For Thanksgiving Hosts, Carrying On Family Traditions Means More Than Just Turkey
We’re going to hear from a few San Joaquin Valley residents about how they celebrate Thanksgiving. Like most families, it’s a time for them to gather, cook, and the menu usually includes the expected turkey and mashed potatoes. But they also incorporate other cultures into their gatherings.
You can hear the five stories by listening above. Below is a bit about each person's story.
The first story is from Shoua Xiong. She’s a food science student at Fresno State, and this year, she’s splitting her Thanksgiving between her husband’s family in Fresno, and her parents in Visalia. She says that Thanksgiving happens to fall around the time when they celebrate Hmong New Year. So along with eating turkey, they use the day to carry on a Hmong tradition. Shoua says they ring in Hmong New Year by sacrificing a chicken. Then, they tie it to one end of a rope, and the other end is tied a pole. Someone, usually Shoua’s dad, holds the chicken away from the pole, and everyone walks under that rope three times in one direction, and three times going the other direction. The ritual is for blessings and good luck.
The second story is from Jessica Massie, who is a teacher from Easton, a town just south of Fresno. She’s hosting Thanksgiving on her own, for the first time this year. She says she’s looking forward to carrying on Armenian family dishes that have been passed down from her grandma.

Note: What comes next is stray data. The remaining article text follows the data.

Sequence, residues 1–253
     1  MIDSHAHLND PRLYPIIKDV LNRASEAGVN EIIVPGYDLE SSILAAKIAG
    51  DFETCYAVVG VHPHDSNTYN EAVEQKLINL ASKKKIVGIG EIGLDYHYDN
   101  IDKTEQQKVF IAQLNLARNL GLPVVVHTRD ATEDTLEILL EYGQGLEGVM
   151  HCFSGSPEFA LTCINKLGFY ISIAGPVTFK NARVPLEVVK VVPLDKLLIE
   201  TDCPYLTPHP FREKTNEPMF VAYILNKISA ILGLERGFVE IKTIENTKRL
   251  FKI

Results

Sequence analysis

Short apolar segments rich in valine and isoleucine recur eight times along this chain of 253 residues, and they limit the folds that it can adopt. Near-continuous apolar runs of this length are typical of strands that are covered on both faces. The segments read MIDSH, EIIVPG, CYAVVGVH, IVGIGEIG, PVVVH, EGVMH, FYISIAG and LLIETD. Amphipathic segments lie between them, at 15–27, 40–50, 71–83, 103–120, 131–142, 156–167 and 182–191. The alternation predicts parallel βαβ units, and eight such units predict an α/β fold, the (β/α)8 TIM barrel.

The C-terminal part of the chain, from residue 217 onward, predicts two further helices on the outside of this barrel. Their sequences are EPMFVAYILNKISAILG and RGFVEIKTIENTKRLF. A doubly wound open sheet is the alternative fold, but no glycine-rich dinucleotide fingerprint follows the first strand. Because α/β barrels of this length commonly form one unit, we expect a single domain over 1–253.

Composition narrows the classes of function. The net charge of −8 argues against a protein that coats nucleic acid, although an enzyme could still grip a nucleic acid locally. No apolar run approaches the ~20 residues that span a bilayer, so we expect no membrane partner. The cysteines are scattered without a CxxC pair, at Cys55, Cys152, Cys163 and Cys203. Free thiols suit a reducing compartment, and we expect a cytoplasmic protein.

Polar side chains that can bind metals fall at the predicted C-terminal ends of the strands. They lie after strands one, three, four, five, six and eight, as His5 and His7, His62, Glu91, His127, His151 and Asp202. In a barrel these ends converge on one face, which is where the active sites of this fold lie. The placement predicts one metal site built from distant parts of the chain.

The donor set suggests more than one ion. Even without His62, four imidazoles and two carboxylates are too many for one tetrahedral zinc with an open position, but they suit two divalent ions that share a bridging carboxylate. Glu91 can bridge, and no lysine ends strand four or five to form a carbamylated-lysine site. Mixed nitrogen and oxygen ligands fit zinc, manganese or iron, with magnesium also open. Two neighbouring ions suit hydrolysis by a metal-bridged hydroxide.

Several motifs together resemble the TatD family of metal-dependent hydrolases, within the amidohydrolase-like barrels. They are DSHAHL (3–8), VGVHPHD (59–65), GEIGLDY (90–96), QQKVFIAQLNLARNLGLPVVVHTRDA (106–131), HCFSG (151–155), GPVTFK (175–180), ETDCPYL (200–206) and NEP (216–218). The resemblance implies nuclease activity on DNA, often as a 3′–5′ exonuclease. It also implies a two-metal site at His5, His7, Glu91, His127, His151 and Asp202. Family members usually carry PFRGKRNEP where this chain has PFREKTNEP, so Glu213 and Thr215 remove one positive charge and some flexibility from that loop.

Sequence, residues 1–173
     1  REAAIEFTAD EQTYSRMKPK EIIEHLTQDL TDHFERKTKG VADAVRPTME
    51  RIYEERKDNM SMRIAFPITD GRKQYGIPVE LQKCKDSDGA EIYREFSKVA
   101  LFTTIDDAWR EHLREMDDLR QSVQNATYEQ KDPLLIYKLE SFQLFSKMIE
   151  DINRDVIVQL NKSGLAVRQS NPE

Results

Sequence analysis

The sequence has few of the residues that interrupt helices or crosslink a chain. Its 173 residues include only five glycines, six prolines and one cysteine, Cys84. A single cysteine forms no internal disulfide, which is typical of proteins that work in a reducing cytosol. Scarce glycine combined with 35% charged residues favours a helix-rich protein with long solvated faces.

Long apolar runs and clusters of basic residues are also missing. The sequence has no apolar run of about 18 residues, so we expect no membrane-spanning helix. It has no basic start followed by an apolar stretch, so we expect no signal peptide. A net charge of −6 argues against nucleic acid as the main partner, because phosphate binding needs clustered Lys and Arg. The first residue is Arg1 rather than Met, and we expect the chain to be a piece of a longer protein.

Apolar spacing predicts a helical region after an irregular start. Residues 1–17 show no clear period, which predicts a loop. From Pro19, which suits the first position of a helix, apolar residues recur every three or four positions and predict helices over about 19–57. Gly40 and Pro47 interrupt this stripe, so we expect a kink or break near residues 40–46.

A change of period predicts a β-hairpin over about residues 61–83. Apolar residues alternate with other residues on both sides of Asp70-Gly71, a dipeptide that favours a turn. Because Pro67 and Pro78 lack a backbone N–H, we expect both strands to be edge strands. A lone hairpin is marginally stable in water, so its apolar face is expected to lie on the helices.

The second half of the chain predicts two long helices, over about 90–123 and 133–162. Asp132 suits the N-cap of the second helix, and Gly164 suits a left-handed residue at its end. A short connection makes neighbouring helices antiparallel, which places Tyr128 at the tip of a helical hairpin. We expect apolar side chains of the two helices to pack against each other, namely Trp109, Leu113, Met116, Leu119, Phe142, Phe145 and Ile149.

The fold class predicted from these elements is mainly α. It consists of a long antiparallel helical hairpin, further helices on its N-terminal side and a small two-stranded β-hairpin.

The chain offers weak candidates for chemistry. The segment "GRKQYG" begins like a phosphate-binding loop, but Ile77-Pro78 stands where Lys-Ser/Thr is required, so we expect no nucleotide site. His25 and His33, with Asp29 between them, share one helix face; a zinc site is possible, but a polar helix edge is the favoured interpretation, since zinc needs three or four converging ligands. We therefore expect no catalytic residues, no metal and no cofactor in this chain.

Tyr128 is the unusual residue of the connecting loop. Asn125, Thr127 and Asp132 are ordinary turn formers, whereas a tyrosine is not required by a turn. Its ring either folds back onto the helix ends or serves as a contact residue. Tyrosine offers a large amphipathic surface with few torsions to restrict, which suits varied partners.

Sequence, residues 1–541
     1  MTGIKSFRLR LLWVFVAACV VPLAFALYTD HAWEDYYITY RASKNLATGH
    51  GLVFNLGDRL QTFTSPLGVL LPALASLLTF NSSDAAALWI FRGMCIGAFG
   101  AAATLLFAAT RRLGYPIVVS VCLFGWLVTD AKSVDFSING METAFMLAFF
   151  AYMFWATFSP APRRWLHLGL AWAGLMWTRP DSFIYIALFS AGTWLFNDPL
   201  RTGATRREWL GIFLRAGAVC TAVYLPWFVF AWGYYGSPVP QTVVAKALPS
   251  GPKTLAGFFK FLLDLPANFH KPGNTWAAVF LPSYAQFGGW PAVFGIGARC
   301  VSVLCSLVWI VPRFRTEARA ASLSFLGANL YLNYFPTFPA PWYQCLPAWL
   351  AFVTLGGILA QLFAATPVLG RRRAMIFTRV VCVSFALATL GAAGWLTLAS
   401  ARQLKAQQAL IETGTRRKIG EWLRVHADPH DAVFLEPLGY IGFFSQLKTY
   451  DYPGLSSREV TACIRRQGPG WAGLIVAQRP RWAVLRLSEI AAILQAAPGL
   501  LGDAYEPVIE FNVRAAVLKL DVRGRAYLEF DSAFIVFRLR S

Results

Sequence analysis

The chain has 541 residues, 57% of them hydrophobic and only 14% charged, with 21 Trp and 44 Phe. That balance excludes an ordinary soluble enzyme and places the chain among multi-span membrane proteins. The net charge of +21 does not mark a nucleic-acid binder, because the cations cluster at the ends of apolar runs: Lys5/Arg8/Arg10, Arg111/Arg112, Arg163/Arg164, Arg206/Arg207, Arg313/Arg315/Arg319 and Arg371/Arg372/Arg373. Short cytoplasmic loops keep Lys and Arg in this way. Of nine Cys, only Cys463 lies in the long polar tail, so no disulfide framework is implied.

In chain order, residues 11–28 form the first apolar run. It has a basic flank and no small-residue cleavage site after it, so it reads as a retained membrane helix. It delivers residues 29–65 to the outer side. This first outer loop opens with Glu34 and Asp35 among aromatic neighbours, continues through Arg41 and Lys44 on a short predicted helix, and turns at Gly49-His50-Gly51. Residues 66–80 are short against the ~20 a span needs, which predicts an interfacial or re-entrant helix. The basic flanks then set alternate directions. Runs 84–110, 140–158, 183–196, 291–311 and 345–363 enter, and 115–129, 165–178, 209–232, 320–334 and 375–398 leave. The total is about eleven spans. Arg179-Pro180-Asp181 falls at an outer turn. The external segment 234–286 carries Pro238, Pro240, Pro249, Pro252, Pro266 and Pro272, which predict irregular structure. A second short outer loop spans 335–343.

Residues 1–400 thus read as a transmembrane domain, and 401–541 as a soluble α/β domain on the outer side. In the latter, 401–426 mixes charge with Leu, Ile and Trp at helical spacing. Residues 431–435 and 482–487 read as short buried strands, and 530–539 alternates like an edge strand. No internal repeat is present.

Following her story is Natalie Diaz. She spent this past weekend in Southern California, celebrating an early Thanksgiving, with one side of her family. Her parents are hosting another meal in the valley this Thursday and she told us about a few of the dishes she hopes they’ll make.
Another story is from Gena Lew Gong, who's a lecturer at Fresno State, a student pursuing her doctorate, and president of a non-profit. As a Chinese Japanese American, she says her friend's joke that she has the “universal Asian family.” She explained some of her family’s traditions over a plate of freshly baked persimmon cookies.
The final story comes from Aaron Greene. He’s a Fresno State student who identifies as Native American. His mother is from the Ojibwe tribe, in the Wisconsin-Minnesota area. He and his siblings now live in Fresno, but they’re keeping Native American traditions alive in their Thanksgiving meals. His sister makes a corn mush dish, and Aaron brings homemade rhubarb pie. He explains how he sees Thanksgiving adaptations as a way to grow traditions.